Why granulating instant soups using an emulsion as binder?
The advantages of granulating powders are attracting for the food industry because of the process operating conditions and the inherent stability of the granulated products which facilitate their handling and storage. However, the use of an oil-in-water emulsion instead of water to create granulates from food powder, has never been considered before. Food powders are employed for several food products such as meal replacements, instant soups and foods for infants and people with dysphagia problems that could not eat solid food. The use of oil-in-water emulsion to granulate these types of food product could be a good way to add to instant food vitamin supplements or lipophilic drugs for the hospital food service.
Another advantage of granulating instant food powders with the oil-in-water emulsion, is the possibility of using unsaturated fats (like peanut oil) instead of the most common used saturated fat (palm oil). In the last few years, the use of palm oil is under debate in Europe and has been drastically reduced, for example, in the Italian food industry because of the protest against the deforestation due to the palm plantation and the idea that palm oil can be unhealthy. However, instant powder food like the most common soups on the market have not substituted palm oil yet because of the major difficulty in handling a liquid fat.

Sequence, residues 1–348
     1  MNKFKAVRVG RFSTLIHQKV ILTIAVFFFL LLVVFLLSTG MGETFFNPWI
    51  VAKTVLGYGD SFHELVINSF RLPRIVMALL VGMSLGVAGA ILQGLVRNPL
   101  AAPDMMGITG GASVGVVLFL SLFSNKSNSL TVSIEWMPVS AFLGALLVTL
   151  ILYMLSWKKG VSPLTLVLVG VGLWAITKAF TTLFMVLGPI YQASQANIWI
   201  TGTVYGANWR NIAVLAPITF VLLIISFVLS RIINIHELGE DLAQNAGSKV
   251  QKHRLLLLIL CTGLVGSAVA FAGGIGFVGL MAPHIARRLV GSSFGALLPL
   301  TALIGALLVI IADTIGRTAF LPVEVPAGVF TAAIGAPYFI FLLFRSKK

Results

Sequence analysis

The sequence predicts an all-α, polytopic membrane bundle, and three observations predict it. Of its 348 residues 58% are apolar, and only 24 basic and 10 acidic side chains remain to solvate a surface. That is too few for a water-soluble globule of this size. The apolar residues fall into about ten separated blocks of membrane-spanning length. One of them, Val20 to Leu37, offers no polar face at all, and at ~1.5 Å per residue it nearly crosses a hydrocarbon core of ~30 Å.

The selection of the materials for the formulation of three types of instant vegetable soups was based on the ingredients of the widely available instant soups on the Italian market. The three basic formulations have in common the same total content of vegetable powder, salt, fat and thickeners (wheat flour and potato starch), but they differ for the vegetable mixture composition.
Further advantages for the industrial process
- Increased flowability of the granules over the raw materials.
- The strength of the granules is reduced (Fig. 3) allowing a faster redispersion of the oil-in-water emulsion granules with respect to water based granules.
- Reduced lumps formation. Also the amount of lumps at the end of the re-dispersion process is reduced when using an oil-in-water emulsion.
The homogeneous distribution of oil contributed to the dissolution of the granules in water also because it lubricated the inter-particle contacts, making the granules more plastic and friable, therefore reducing their size (as previously discussed) and enhancing their dissolution process.
The outcome of the dissolution tests confirmed that granulating a powder with an emulsion improved the dissolution.